Season two, two episodes in, doesn’t feel as self-assured to me. It doesn’t feel like it really trusts itself in the same way. It’s far more concerned with grabbing and holding on with its unresolved threads, less willing to trust that the audience will want to keep watching.

The way this shows most, for me, is in how unresolved things feel at the end of an episode. What really brought this home for me was the interview with the writers, in which they admitted that they didn’t have the whole season written before they started filming. I don’t envy them going from “we have everything written out beforehand” to “nope now we have to improvise and hope we’re at least one episode ahead.” And I think (just guessing here, wild speculation) that they’re leaving elements unresolved in the way they have so far *because* they need to leave themselves openings for the next step. Without the whole season planned and written already, they feel the (understandable) need to give themselves a clear and easy way forward.

This also means that it feels like they’ve had less time to edit their work. Season two, so far, doesn’t feel quite as slick as season one. It doesn’t feel as clearly like they’re moving from best-possible-scene to best-possible-scene. I’ve even wondered—maybe one or three times—whether there was a better scene they skipped or didn’t think of that they would have included if they’d had more time to think things over.

It doesn’t help that I also want them to do a different thing with a particular character (it’s Nate, folks, I want Nate to be not-an-ass). I fully expect that to be resolved at some point, probably this season, but god it’s grating.

Now, counter-argument: maybe the writers have a good idea of what they’re doing (even if they don’t have things already planned and finished). Maybe they’re leaving these plot threads open because they have plans for them later in the season and they know everything needs to be lined up long beforehand. I can absolutely see this being the case; I actually suspect they *do* know where they’re taking things even if they aren’t quite sure how they’ll get there. And maybe they simply decided to make the second season feel less episodic and more like a binge-show where each episode bleeds into the next, complete with tension and unresolved issues.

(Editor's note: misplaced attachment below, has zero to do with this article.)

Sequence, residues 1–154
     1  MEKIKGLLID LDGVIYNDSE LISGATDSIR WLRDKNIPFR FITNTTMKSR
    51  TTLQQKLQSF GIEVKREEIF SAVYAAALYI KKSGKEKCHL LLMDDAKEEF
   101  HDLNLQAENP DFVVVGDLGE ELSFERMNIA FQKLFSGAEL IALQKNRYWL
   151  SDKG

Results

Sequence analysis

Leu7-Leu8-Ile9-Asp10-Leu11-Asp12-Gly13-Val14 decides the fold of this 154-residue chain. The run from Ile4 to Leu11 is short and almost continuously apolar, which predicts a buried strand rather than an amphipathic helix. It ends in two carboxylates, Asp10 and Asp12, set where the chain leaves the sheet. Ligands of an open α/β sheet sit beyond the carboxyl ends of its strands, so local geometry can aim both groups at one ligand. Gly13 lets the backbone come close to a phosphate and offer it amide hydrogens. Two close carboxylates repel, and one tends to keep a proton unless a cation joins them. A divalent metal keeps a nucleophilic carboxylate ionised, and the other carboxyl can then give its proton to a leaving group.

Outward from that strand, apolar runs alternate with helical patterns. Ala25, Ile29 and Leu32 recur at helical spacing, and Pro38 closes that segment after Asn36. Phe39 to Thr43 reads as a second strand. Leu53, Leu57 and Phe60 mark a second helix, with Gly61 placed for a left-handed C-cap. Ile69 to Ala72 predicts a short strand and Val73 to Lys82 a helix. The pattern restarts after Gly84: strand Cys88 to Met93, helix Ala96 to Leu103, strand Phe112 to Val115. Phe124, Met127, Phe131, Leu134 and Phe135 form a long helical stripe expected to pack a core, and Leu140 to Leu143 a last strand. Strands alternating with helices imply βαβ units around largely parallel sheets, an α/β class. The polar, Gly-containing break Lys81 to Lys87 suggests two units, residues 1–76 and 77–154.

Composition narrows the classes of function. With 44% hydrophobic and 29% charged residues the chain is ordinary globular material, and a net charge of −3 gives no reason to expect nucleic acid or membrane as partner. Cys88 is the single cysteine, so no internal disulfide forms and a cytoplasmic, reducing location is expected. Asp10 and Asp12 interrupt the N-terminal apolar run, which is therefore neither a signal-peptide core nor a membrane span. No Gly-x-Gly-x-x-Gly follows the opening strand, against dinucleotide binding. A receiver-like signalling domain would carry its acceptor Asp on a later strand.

Honestly, my trust in these writers being competent is a big reason for why I’m still watching the show. I’m watching because I believe that counter-argument, and because I enjoyed the first season so much and want to see where these characters go. But regardless of how much I believe they know what they’re doing I’m still sad that some of that feel, the tidiness and rhythm of season one, feels like its gone.

Ted Lasso

I’ve been recommending Ted Lasso to friends recently, and now it’s your turn.

Ted Lasso is hard for me to pin down. The closest genre-bucket it fits into is “dramatic comedy,” but that feels misleading; this show doesn’t feel like many other dramatic comedies I’ve seen recently—or maybe ever. It feels absurdly kind, in a wonderful way.

Ted Lasso is most certainly a comedy. And it has dramatic elements, not shying away from the personal struggles facing the characters or the (mostly social) challenges they’re up against. But the only comparable shows I know are… more cruel? They don’t build my trust in them. The other shows I’ve watched in this genre don’t feel like they really honestly love their main characters, or like they’re written with empathy for the characters and their struggles.

In my experience, when most other dramedies explore tough emotional situations, they feel like misery-porn. At best, they’re wry and a little removed from the action. At worst, they draw out the pathos and angst and awkward personal struggles, and then they stew in those feelings until they finally make their audience feel better several (long) episodes later by offering relief… after they’ve created another suffering magnet for another character in the show. But the audience’s resting state is discomfort, leavened by brief flashes of humor at someone’s expense, and the characters rarely feel lovable or leave me cackling in delighted glee.

I guess, when it comes down to it, I usually don’t feel like those other shows care about whether they make me happy. They’d much rather be serious and funny, or just painful and funny. It’s as though they’re fine with being depressing as long as they get a chuckle out of me.

That’s not Ted Lasso.

I trust the writers of Ted Lasso in ways that I don’t trust other show’s writers. They’ve proven to me that they can take an absurd premise (American football coach is hired to coach a British Premier League Football [soccer] team), weigh it down with some serious personal and interpersonal issues for dramatic ballast, and then plot a steady course that leaves me smiling in happy admiration.